The linebackers, with David Nwabuisi shading forward and Ariguzo moving back towards the formation, are showing blitz. Indeed, two linebackers rush and the weakside defensive end drops into coverage; this is a basic fire zone. The blitz gets Quentin Williams free from his defensive end spot while the rest of the pass rushers collapse the pocket. Vandenberg looks to Coker on a swing route to the right as an outlet, but Vandenberg's throw is high as a result of the pressure. The blitz has a nice design, with Williams and Jack DiNardo executing a stunt that combines with the blitzing linebackers to overwhelm Iowa's protection.
The next Iowa third down came in the second half. After a short pass and an incompletion, Iowa faced 3rd and 4 from their own 30. Iowa once again has three receivers, with Marvin McNutt alone to the right and the other two as well as the tight end to the left. NU has three linemen, with four players crowding behind threatening to blitz and all the receivers covered by a player near the line of scrimmage.
Vandenberg sees the linebackers threatening to blitz and the tight coverage and heads under center, though the running back doesn't shift. He takes the snap under center, 6 NU players rush with limited effectiveness, and Vandenberg takes throws to McNutt running a fade without feeling any pressure. Jordan Mabin makes a good play to break up the pass; though he doesn't see the ball coming in, he sticks with McNutt and hits him while the receiver is securing the ball.
Iowa's next third down was a third and one from their own 45. Iowa comes out in a strong-I formation with two tight ends and a receiver to the right (the line might be unbalanced to the right, but I can't make out the number on the tight end on the right side of the line). The h-back motions from right to left, and Northwestern has an 8-man box with both safeties in position to play the run.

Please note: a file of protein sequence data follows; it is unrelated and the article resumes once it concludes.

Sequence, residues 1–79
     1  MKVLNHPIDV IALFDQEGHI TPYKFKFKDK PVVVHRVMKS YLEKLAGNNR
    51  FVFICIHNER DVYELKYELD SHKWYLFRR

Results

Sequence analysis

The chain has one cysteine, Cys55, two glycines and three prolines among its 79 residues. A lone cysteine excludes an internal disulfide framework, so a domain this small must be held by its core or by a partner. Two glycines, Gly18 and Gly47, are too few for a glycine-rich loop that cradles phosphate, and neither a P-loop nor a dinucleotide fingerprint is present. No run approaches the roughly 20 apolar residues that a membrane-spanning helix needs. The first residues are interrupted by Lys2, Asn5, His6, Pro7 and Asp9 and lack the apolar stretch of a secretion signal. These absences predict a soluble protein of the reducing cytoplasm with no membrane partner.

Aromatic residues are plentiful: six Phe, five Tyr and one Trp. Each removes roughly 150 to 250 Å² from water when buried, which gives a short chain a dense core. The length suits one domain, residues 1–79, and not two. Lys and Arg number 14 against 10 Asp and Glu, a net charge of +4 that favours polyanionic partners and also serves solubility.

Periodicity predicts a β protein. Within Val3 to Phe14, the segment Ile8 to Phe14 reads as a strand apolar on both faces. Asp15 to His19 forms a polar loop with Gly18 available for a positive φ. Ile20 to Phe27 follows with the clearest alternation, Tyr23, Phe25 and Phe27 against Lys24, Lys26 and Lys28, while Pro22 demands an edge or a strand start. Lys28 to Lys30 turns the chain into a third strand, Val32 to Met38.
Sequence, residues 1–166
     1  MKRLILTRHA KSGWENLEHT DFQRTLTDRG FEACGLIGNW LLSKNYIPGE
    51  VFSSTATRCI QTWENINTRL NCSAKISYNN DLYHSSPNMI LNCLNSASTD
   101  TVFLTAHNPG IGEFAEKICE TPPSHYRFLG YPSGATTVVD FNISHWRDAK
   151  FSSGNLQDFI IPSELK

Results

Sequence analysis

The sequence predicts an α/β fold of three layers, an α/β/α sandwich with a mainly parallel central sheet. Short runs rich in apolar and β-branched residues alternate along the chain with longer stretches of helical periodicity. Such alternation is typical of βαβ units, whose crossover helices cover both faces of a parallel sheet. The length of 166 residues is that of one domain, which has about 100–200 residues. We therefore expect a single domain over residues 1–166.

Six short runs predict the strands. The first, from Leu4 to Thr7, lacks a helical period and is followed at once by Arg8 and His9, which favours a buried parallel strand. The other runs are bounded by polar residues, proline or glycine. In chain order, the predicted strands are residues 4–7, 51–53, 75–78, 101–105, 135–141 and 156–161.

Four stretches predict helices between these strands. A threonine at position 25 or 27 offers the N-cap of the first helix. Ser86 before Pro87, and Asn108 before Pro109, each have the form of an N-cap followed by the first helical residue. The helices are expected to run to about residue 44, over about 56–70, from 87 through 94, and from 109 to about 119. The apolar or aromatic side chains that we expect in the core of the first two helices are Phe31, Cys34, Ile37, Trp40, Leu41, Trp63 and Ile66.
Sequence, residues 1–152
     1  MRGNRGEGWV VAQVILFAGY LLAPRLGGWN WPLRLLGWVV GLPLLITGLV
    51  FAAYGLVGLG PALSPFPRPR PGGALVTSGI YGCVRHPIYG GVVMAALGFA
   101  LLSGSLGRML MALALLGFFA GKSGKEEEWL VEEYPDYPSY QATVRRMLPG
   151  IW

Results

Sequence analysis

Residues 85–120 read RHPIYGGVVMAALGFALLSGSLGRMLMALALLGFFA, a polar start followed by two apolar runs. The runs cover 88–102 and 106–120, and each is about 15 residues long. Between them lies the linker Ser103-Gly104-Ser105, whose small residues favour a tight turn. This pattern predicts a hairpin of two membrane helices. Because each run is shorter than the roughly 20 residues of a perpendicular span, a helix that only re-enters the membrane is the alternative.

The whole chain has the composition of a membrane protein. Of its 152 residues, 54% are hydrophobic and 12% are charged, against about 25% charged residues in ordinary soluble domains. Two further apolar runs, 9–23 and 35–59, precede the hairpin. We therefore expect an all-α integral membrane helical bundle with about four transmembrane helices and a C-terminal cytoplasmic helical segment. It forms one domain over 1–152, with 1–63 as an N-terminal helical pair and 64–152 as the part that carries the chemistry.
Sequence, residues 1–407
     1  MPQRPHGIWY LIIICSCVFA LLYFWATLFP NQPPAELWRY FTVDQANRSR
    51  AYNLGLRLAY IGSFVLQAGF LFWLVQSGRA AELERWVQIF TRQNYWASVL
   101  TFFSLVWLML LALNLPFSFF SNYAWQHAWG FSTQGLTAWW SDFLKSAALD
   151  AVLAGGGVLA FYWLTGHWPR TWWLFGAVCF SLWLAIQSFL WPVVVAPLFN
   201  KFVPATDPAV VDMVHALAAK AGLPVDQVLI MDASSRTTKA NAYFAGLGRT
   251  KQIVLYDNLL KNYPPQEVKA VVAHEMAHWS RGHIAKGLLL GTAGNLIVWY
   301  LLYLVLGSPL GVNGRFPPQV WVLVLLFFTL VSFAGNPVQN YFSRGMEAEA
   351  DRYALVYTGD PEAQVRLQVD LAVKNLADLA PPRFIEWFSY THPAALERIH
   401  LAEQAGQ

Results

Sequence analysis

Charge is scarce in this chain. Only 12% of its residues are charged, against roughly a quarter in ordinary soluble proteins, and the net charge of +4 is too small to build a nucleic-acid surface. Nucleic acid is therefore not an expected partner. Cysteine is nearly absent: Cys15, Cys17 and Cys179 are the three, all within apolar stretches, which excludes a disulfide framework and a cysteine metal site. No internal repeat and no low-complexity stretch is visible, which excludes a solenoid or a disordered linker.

Iowa runs inside zone to the right; the offensive line dominates the point of attack, Coker cuts back left, and Brian Peters can't squeeze down fast enough to prevent the first down. This was Iowa's only third down conversion on the day, and it was a critical play in the game, as Iowa took the lead never to relinquish it later on this drive.
Iowa's next third down went from a third and twelve on the Northwestern 22 to a third and 27 at the NU 37 due to a false start and a holding penalty. Iowa comes out in the shotgun with three receivers; NU has a four man line with the secondary and linebackers playing well off the line of scrimmage.
The rush isn't terrible, but Vandenberg sees the coverage drop deep and fast, so he dumps the ball off to Coker on a swing route to the right. Coker gets a block from one of his receivers and manages to get 15 before going down, putting Iowa back in field goal range. Though Iowa didn't get the first down, the gain set up a field goal to extend the Iowa lead to three scores.